Edible trees and shrubs have aesthetic value, but they also provide people and animals with fruit, nuts, and berries. Many cities have community gardens and are incorporating edible trees into their urban planning. Edible trees and community gardens are a major source of food for food banks, and other organizations that help feed hungry families. Through mapping programs, there are many ways to find edible trees in your neighbourhood. There are many organizations that promote the planting of edible trees and offer grants so you can plant your own edible tree.
Cities, UFMPs, and Universities including edible trees into their planning
Many cities have edible trees and shrubs incorporated into their urban plans, providing food, shade, and other health benefits for citizens. The City of Victoria, British Columbia, includes food production in their Urban Forest Master Plan, saying that they want to increase the number of edible trees on public property and parks. People would then be able to freely enjoy the fruit from those trees. The City has already started planting nut trees in public spaces, and has allowed some residents to plant personal gardens along the public boulevards of their homes. Ottawa based Just Food, and the University of Ottawa led the research for an Ottawa Food Action Plan. The plan mentions that the community and the City of Ottawa would greatly benefit from the integration of edible trees into city planning. The plan recommends that the City of Ottawa include more edible greening projects for city property. Some universities are also including edible trees into their campus planning. The University of McGill in Montreal, Québec, has an “edible campus”. By planting edible trees, and a community garden on their campus, the University is able to donate the produce to a food bank.
Organizations & Falling Fruit Mapping
There are many organizations that benefit from urban edible trees. Food banks rely heavily on the produce of edible trees to feed the hungry. The Ottawa Food Bank, along with Hidden Harvest Ottawa, and Cisco has launched a program called Trees to Tables. The program aims to fight hunger in the City of Ottawa, Ontario by gathering the fruit of municipally owned trees, and giving it to those in need. The fruit is picked throughout the City of Ottawa by volunteers, where it is then shared amongst volunteers and food banks in the city. There are many organizations that are dedicated to harvesting food from urban trees that would otherwise go to waste. Ottawa based Hidden Harvest, and Toronto based Not Far from the Tree, are two examples of organizations that send out groups of volunteers to harvest food from the edible urban forest. These organizations share the produce with food banks, the volunteers, and sometimes restaurants. These organizations sometimes have the help of Falling Fruit, a United States non-profit which helps communities map the edible trees of their neighbourhood. The City of Vancouver, British Columbia has a Falling Fruit map where one can see the fruit trees in their neighbourhood. This allows people to easily harvest them and makes it simpler for organizers to plan harvesting events. In the City of Calgary, Alberta the environmental planner, Adrian Buckley noticed a lot of rotting fruit on his commute to work. He started mapping public and privately own edible trees in his neighbourhood, which he then used to organize a harvesting event. He hopes to expand the project to include a map of all the edible trees in the City of Calgary.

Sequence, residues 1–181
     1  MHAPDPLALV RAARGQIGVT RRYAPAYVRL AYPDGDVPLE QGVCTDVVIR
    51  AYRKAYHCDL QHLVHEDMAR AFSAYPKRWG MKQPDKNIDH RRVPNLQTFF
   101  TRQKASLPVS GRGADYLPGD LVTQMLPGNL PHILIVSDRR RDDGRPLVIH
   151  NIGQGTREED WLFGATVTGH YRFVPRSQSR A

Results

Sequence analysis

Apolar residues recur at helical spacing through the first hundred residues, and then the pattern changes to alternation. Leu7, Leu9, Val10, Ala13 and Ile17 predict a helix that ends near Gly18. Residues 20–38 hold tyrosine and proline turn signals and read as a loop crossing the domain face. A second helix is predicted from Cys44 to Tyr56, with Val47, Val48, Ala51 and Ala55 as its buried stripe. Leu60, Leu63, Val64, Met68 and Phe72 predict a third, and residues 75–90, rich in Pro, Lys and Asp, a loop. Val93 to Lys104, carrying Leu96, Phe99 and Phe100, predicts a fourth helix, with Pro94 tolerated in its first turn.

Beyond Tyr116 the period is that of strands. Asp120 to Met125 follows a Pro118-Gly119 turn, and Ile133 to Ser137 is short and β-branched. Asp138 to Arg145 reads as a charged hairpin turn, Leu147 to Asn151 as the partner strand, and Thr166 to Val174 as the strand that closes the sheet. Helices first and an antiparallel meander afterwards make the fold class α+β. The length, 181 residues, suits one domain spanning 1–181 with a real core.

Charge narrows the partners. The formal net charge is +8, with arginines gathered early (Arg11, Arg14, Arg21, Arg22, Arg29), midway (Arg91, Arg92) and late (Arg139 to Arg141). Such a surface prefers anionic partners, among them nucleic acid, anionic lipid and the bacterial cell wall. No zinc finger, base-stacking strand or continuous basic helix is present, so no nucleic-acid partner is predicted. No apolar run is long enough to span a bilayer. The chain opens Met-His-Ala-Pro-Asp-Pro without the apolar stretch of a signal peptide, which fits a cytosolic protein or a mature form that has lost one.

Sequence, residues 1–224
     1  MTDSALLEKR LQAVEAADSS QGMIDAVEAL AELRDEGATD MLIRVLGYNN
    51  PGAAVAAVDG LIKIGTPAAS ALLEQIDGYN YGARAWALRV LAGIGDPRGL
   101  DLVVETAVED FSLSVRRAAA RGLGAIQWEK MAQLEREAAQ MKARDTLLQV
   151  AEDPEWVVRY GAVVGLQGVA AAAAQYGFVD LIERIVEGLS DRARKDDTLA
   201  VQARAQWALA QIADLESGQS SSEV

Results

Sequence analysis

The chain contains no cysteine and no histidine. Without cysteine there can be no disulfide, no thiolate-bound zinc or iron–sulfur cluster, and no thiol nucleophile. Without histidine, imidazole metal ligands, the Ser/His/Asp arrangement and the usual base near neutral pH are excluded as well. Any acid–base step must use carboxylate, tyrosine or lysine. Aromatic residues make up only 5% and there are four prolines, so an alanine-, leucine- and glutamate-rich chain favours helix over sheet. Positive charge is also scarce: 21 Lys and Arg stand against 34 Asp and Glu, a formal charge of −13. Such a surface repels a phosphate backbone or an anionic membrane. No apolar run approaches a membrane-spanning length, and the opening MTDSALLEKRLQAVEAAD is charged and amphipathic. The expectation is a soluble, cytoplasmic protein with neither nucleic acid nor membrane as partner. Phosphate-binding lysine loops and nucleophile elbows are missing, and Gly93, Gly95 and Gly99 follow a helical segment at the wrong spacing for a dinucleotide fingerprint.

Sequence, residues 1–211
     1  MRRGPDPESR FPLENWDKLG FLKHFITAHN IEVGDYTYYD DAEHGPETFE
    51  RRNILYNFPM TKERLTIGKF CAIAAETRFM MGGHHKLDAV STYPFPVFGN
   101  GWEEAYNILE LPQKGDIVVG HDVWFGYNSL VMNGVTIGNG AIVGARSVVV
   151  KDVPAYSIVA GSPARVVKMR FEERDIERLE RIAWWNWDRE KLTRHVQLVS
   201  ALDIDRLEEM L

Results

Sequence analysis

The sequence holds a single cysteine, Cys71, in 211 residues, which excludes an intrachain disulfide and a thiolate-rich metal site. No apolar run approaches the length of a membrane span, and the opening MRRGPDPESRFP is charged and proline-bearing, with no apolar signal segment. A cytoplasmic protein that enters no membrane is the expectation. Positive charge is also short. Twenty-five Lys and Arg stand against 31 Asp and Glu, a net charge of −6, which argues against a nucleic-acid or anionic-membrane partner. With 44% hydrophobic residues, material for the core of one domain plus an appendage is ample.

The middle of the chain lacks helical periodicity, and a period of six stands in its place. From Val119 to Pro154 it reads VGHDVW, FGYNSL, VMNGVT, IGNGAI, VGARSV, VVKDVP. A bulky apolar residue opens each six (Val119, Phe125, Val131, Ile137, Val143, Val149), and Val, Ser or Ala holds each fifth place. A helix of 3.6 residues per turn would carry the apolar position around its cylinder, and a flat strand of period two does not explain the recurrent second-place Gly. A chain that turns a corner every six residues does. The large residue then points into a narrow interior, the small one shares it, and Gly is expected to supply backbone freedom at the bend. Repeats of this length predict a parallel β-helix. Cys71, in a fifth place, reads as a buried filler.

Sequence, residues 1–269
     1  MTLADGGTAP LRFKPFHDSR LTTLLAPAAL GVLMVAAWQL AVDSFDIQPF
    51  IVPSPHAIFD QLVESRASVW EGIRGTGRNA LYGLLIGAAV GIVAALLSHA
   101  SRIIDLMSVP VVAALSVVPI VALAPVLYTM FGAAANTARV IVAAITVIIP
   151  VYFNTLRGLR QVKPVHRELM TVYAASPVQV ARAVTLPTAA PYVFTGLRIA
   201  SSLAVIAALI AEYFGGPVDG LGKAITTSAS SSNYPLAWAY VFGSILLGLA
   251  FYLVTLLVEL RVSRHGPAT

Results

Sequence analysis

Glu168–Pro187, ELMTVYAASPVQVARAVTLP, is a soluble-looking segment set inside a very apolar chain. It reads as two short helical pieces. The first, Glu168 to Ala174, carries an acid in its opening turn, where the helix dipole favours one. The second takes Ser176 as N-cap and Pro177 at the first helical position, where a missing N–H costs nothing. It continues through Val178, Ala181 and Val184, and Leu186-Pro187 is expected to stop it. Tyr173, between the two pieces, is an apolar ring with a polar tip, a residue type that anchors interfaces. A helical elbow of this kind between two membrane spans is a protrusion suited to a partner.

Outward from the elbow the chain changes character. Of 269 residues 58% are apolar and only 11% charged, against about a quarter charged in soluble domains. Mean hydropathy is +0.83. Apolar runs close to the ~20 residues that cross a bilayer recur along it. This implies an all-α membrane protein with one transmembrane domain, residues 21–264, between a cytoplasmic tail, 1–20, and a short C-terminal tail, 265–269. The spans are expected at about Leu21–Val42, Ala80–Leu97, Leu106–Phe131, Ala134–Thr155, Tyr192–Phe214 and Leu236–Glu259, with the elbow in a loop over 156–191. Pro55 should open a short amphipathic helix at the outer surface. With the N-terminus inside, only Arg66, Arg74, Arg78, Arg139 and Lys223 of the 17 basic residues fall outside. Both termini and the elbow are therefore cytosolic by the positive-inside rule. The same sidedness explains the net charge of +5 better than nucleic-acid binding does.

Tree Canada and the Edible Tree program
Many cities do not have a lot of edible trees on public property, opting instead for ornamental shrubs and trees; Tree Canada is trying to change that. In 2012, Tree Canada launched their Edible Trees program, a program designed to promote the planting of edible trees in communities. Municipalities, schools, and community gardens can apply for edible tree grants, which enable them to plant fruit and nut trees in their neighbourhoods. With up to $4,000 available in grants, Tree Canada gives money to 20 communities across Canada to help plant more edible trees.
Edible trees provide shade, food for humans and animals, aesthetic value, and many other benefits to your community. Edible trees help feed the hungry by providing fresh produce to food banks. There are many people dedicated to harvesting and planting edible trees, and some cities and universities are doing their part to plant edible trees to help the needy. While most cities do not include edible trees in their urban planning, hopefully they will soon realize the growing trend of eating as locally as possible; even fruit from your neighbourhood park.
Page 69. http://www.victoria.ca/assets/Departments/Parks~Rec~Culture/Parks/Documents/Urban%20Forest%20Master%20Plan%202013%20Final%20Approved.pdf